Nothing is more crushing than working your butt off to drop the weight, only to watch the numbers on the scale creep back up to where you started. But you don’t have to fall victim to the weight-loss weight-gain roller coaster. With a little knowledge and few tweaks to your diet and lifestyle you can lose weight once and be done with it.

You may not realize it, but in many cases you may be self-sabotaging your own weight loss success. Your metabolism is the system responsible for determining how many calories you burn a day. Many people blame their inability to lose weight on their metabolism. And guess what? They may be right. Unfortunately you may be partly to blame for that. The silly things you do to lose weight fast, may be slowing down your metabolism.


Not Eating Enough

The first thing most people do to lose unwanted pounds is cut way, way back on calories. Here’s the thing, your metabolism needs those calories to continue to burn at its best. When you cut too low, less than 1,200 calories for women and 1,500 calories for men, your metabolism slows down. This is because your body thinks it’s starving, so it slows everything down to try and preserve life-sustaining functions. This super slow down not only affects your metabolism, but also energy, concentration, skin, digestion and sex drive.

You know what else happens when you eat too few calories? Your body burns muscle to help make up the caloric difference. Muscle mass contributes to your calorie-burning metabolism. Less muscle means an even lower metabolism. Sure, it’s true when your aim is to lose weight you’re going to lose some muscle. But when you cut back too much too fast and your body is in self-preservation mode, it’s easier to turn protein into energy then fat.

What’s the lesson here? Don’t eat too little. With a little mathematical equation called the basal metabolic rate you can determine your personal calorie squeal point. Your BMR is the number of calories your body needs to sustain those life-preserving functions, like the beating of your heart and breathing. Because of body composition, the equation is different for men and women.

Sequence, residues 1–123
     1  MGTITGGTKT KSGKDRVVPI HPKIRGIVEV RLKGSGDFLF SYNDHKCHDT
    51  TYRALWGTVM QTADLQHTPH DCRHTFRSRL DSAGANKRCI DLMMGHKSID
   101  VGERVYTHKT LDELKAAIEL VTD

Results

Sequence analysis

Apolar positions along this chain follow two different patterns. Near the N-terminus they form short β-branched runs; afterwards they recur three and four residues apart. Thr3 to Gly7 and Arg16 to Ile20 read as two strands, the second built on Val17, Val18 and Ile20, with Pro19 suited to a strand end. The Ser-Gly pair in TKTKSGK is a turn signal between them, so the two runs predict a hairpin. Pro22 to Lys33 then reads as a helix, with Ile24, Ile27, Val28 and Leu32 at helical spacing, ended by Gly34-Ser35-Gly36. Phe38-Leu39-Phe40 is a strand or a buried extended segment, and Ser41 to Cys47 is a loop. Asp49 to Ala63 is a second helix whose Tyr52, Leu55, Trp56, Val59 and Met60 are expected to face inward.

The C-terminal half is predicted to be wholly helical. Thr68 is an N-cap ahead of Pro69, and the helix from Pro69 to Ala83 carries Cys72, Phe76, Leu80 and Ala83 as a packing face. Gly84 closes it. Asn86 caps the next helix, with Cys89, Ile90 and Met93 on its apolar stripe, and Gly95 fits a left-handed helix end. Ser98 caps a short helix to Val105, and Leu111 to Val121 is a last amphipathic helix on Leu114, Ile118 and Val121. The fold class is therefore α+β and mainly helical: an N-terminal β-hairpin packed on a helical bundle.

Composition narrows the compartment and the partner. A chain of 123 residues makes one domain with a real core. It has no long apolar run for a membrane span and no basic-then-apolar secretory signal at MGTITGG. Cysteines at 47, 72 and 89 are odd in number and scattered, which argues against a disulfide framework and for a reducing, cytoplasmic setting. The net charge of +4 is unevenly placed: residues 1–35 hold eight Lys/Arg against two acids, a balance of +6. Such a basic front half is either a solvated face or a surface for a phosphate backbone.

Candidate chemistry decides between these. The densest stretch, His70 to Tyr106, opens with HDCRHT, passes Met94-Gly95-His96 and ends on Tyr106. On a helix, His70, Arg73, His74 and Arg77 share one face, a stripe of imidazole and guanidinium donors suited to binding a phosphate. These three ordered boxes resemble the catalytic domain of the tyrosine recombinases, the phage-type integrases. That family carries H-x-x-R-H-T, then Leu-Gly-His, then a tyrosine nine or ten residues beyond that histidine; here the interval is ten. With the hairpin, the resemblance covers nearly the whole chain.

BMR for women: 655 + (4.35 x weight in pounds) + (4.7 x height in inches) - (4.7 x age in years)

BMR for men: 66 + (6.2 x weight in pounds) + (12.7 x height in inches) - (6.8 x age in years)

When you calculate your BMR you may think that’s way too much. I’ll never lose weight eating that much. But that’s where you’ve gone wrong all this time. If you’re not at least eating the minimum number of calories your body needs to simply breath, you’re not eating enough. And these are just your base calorie needs, this doesn’t factor in activity. Not eating enough to support your daily comings and goings may also lead to a slowdown in your metabolism.

Activity Factors:

Sedentary (no exercise, desk work): 1.2

Light activity (exercise 1-3 days a week): 1.375

Moderate activity (exercise 3-5 days a week): 1.55

Very active (hard exercise 6-7 days a week): 1.725

Extra active (heavy labor, sports training): 1.9

Daily calorie needs = BMR x activity factors

For example, a 35-year old 5’6” tall women who weighs a 150 pounds and exercises 3 days a week needs 1,998 calories a day to maintain her weight. To lose ½ to 1 pound a week, she’d need to reduce her daily intake by 250 to 500 calories. For the record, you don’t want to lose more than 2 pounds a week, otherwise you risk greater muscle loss than fat loss.


Skipping the Carbs or the Proteins or the Fats

No doubt, you know someone who’s convinced that carbs are the reason they can’t lose the weight. But it’s not carbs, it’s not fat and it sure isn’t the protein that’s making it so hard to drop excess pounds. It’s too many calories from one or all of these macros. While it’s true people can lose weight cutting out carbs or limiting fat, these types of weight loss diets are very difficult to stick with long term, and usually result in weight regain. Eating the right balance of macros is essential for keeping your metabolism running at its best. Macrostax generally recommends 40-50%C, 25-35%P, 25-30%F.  See, if you don’t get enough carbs or fat your body uses protein for energy, which affects your ability to build and retain muscle and, as a consequence, affects your metabolism.

Getting enough protein is not only important for preserving and building muscle, but researchers are learning that protein digestion and metabolism may also give a boost to your metabolic rate.


Working Out for Hours

Unless you’re training for a marathon or bulking up for a bodybuilding competition, there’s no need to spend 90 minutes on the treadmill. Overexercising triggers your body to breakdown muscle and store fat. Plus, spending too much time working out the same muscle groups may lead to fatigue or injury and put a kibosh on your whole exercise routine.

Instead, aim for 30 minutes of high-intensity interval training 3 to 5 times a week. HIIT not only burns more calories while you’re working out, but also gives you a metabolic bump for up to 3 hours after you’re done. And, if you haven’t figured it out yet, muscle is very important to your metabolic rate. So pick up those weights or add body resistance training to your workout routine to keep your metabolism running in high-gear.